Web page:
La politique gouvernementale concernant les industries culturelles laisse en plan de nombreuses questions sur l’avenir du journalisme canadien.
When it comes to action ensuring the future of serious journalism in Canada, Heritage Minister Mélanie Joly has a much clearer idea of what she doesn’t want than what she might be willing to accept.
The third pillar of Joly’s “Creative Canada” speech last week, which was about strengthening public broadcasting and local news, was noticeably shorter and thinner than were the other parts. This isn’t entirely surprising. In news, she is confronting one of the trickiest policy areas imaginable, in both economic and political terms.
The minister doesn’t want to bail out the private sector news industry models that are no longer viable. This is while increasing government’s traditional support for creative industries that lack of commercial viability – meaning they’ve always relied on government subsidies. Most notably, she agreed to top up shortfalls in the Canada Media Fund, which came about as a result of disruptions to the business models of cable and satellite distributors.
Joly also doesn’t want to level the tax field by charging foreign sellers of digital services the same HST that domestic players are forced to pay.
She doesn’t want to place financial demands on platform companies like Facebook, Google and Netflix beyond voluntary contributions.
She doesn’t want to be seen to be encroaching on journalistic independence.
And, should she decide in future to take action to support news, she wants to concentrate on local news and the CBC.
In articulating a vision for the cultural industries, Joly has focused on creative industry storytelling that can appeal to global markets.
But the economics of news is different from that of other cultural industries. Unlike novels, feature films or video games, news is highly perishable, and much of it is inherently local, which mitigates against an export strategy. The models that would enable existing news organizations and, notably, digital start-ups, to produce sufficient revenue to finance journalism, have not emerged, and a great deal more experimentation will be required.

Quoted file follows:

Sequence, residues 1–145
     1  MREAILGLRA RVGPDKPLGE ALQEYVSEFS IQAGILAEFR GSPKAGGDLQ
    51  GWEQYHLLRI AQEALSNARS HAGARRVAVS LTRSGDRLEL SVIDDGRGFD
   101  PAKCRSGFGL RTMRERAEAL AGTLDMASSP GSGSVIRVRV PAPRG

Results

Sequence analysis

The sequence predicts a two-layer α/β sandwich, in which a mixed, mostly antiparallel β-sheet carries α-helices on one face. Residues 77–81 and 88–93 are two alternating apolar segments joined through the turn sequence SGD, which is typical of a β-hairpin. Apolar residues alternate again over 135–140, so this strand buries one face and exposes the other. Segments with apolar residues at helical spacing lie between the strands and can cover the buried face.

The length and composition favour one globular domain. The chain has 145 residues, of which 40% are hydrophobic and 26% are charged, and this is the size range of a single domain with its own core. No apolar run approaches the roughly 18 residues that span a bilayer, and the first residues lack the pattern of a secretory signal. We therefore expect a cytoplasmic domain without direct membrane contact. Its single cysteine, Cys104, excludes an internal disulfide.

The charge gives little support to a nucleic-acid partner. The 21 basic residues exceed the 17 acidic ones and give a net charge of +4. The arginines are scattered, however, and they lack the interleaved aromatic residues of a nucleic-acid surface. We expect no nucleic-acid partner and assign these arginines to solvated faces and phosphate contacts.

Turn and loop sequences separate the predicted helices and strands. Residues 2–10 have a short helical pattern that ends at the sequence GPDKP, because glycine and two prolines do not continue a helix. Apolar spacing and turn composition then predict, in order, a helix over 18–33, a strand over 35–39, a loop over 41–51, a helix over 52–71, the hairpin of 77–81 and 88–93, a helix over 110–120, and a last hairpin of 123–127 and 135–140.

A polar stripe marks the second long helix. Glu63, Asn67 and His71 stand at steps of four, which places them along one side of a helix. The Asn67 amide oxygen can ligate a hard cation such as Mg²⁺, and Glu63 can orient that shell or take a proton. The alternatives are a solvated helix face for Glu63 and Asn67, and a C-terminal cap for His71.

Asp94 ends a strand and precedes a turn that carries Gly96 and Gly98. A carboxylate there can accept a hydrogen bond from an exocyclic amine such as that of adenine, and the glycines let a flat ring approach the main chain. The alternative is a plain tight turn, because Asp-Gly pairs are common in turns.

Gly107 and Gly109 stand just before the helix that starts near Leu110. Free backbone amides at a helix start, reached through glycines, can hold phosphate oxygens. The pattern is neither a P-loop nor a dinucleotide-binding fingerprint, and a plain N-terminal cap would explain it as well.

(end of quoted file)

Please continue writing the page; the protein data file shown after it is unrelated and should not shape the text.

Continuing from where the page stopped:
Any threat to journalistic integrity is totally unacceptable. But that does not mean there should be no policy on news organizations, which provide coverage of our democracy in its many forms.
The political challenges presented by the news industry are daunting. How can policy ensure the survival of original reporting, which is so vital to democracy, without compromising the independence of the media? Any threat to journalistic integrity is totally unacceptable. But that does not mean there should be no policy on news organizations, which provide coverage of our democracy in its many forms. It just means that the government should not have discretion over individual editorial decisions.
The media policy bridge was crossed decades ago – CBC is the product of policy. Section 19 of the Income Tax Act (which prevents tax deductions for ads targeted at Canadians, but which are placed with foreign newspapers and broadcasters), is a product of a policy –one that will become moot as more ads go digital. The waiving by some provinces of sales taxes on books and newspapers is the result of policy. The CRTC’s new fund directed at local television news is a policy that already has led to the hiring of additional reporters.
Despite Joly’s rejectionist words on aid to media companies, the background documents accompanying her speech indicate she’s not necessarily done with the news file.
In her speech, she made only vague references to the Canadian Periodical Fund, which has long supported magazines and some community newspapers. But the background documents raise the possibility of modernizing the fund to ensure it “responds to industry needs.” Apparently, there’s more to come in 2018.